People are moving house but not selling their old house ("waiting till the market picks up"), getting bridging loans, there are still BTL muppets out there who want to subsidise their tenants and sweat hard for a lesser return than they would get in a high street savings account...the economic fundamentals supporting house prices have all but gone, it just hasn't filtered through to the herd yet.

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I think I may have missed these figures in the past but that figure from the article above amazed me- cant believe that FTB'ers only make up 9% of the market- isnt the historical norm something like 50%?

Can anyone tell me what the ratio was at the time of the last housing boom?

The other part of that article ( the one from the national assosciation of estate agents) that made me laugh is the part about 2/3rds of graduates not being able to afford a home and that the advice is to knuckle down & save- what, on top of their 20k plus student debt? I graduated 10 years ago & still cant afford to buy a home! And that is nothing to do with student debt, more total un-affordability. :lol:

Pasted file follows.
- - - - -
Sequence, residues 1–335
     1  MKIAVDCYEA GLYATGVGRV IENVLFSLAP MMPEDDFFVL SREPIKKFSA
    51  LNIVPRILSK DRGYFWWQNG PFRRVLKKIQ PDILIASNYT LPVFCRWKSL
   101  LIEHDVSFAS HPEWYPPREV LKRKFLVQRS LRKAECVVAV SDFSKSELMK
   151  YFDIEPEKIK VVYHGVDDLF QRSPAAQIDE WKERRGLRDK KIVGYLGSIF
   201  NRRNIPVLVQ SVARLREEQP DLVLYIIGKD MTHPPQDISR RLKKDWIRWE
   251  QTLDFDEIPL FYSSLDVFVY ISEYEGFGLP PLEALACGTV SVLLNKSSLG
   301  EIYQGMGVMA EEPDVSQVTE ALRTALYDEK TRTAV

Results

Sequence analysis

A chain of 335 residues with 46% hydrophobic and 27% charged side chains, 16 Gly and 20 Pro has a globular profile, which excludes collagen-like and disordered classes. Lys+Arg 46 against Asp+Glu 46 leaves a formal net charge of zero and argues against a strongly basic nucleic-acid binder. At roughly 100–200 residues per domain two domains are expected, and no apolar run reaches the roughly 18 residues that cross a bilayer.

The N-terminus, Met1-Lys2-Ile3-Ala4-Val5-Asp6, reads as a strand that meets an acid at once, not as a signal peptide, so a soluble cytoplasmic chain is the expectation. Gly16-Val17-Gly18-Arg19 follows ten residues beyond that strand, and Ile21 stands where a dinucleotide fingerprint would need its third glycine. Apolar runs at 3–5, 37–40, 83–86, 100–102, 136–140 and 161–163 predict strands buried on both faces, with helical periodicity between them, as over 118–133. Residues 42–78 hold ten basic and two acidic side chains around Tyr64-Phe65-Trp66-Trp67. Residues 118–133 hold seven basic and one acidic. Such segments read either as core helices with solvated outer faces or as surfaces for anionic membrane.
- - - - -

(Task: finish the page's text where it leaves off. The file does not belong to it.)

It's a fair point, I graduated in 1998, have a lot of savings, no debt and still need £150K mortgage for a 1-bed flat here in Kingston Upon Thames. Whatever people believe the future generations will not be able to support current property prices, either to buy them or to pay enough rent to cover BTL mortgages.

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I've said before: They were twice overvalued at the peak; they'll be twice undervalued at the bottom (and the odd one will slip through, for a few desperate weeks, at an "island bottom" of 90% off).

BUT all in real terms. (Cue horace on my "get-out" clause.)

The way the statistics are being managed and the pound is drooping, it might seem far less dramatic in nominal terms.